What a day for mixed doubles curling at the Olympic Winter Games.
Australia won their first two games – after a stunning last-minute re-entry – to knock out silver medalists Switzerland (3-5) and then thrash Canada to a three-way tie for the second. place at 5-3 with Great Britain. and Norway.
Team GB and the Norwegians have qualified for the semi-finals, while Canada is not quite there yet, thanks to poor results in the draw of the last stone of pre-competition.
Italy are massively ahead of the pack with an 8-0 record, following a win over China (8-4) and an insane evening triumph over Sweden (12-8).
It was a stunning day for the Aussies as they were kicked out of the competition before being reinstated and then won both games to finish their first Olympics in curling at 2-7.
“The last 24 hours have been a rollercoaster to say the least,” said Tahli Gill after the win over Switzerland.
The much-anticipated match between students and mentor began across Australia, as the Canadians fell to a gargantuan 7-0 hole and with their power play already used up.
A mad hour later it was 8-7 for Australia, and Gill faced a hit-and-stay for the win – although a draw at the eight-foot rings also beckoned – which she missed, forcing an 8-8 tie and an extra fine.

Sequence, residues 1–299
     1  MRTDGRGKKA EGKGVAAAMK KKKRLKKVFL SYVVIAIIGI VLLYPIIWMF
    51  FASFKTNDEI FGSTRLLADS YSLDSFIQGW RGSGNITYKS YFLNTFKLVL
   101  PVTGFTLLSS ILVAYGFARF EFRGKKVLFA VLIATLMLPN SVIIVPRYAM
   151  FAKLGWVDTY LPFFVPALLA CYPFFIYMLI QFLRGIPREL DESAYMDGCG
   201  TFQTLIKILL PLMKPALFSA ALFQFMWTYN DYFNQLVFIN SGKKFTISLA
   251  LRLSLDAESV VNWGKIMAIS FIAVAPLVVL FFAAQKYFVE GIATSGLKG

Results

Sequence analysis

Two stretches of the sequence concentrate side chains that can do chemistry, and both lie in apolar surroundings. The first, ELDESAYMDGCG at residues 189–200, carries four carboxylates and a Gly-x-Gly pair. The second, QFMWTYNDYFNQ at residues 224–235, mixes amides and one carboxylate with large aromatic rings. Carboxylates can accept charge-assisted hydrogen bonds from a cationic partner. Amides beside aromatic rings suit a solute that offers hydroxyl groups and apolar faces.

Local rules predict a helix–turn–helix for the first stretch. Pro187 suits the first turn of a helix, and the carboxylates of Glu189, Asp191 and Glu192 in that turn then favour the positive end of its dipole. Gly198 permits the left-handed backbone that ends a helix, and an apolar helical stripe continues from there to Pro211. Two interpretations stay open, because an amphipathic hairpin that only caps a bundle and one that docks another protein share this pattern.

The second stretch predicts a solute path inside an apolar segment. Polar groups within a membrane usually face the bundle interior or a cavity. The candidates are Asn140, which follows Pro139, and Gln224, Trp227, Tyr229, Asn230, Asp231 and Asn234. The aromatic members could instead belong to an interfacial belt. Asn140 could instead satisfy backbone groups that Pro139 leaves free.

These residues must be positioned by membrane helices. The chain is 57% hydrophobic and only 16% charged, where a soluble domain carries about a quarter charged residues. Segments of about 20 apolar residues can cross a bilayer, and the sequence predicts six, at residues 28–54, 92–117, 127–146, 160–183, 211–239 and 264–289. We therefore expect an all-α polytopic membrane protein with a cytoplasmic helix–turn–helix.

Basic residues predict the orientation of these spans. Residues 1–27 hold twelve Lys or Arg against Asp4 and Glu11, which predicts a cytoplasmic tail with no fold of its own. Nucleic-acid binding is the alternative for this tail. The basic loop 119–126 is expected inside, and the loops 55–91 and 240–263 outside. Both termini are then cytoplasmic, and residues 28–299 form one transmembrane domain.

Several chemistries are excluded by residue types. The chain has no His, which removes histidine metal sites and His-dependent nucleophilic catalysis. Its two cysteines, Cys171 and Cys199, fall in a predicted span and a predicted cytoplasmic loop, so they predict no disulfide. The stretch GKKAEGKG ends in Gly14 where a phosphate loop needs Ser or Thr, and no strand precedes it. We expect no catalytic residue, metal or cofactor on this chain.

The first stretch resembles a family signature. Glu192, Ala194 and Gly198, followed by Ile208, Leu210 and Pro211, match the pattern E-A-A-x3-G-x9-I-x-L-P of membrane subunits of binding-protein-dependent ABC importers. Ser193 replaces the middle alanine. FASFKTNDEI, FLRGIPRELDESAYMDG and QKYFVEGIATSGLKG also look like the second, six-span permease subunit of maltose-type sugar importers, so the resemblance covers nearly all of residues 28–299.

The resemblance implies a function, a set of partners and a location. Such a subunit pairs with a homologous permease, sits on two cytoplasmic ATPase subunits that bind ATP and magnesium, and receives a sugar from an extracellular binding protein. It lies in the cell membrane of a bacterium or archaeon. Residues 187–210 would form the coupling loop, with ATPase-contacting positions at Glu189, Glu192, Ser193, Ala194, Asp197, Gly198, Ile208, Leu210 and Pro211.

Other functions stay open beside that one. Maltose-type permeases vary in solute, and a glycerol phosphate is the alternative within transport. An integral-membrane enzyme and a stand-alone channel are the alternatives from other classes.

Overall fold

The see-saw affair came to an end on Rachel Homan’s final draw attempt, which fell wide and heavy.
Norway’s day was also A-plus, with must-win wins over Sweden (6-2) and Great Britain (6-2).
It was a brutal day for Canada, with the loss to the Australians following another upset loss to the Czech Republic. The Czechs, Swiss and USA are all 3-5 with China at 2-6.
Sweden are shocked at 5-4 but still have a chance for the playoffs, which depends on Monday morning’s results.
Monday’s round robin final will see Norway take on Switzerland, Great Britain take on the United States, China take on the Czech Republic and Canada take on Italy in a playoff qualifier for Canadians.
“Personally, I don’t know anything about (Italy),” Homan told CBC after the game against Australia. “I know they’re really big.
“They crush people like they’ve been here for 20 years.”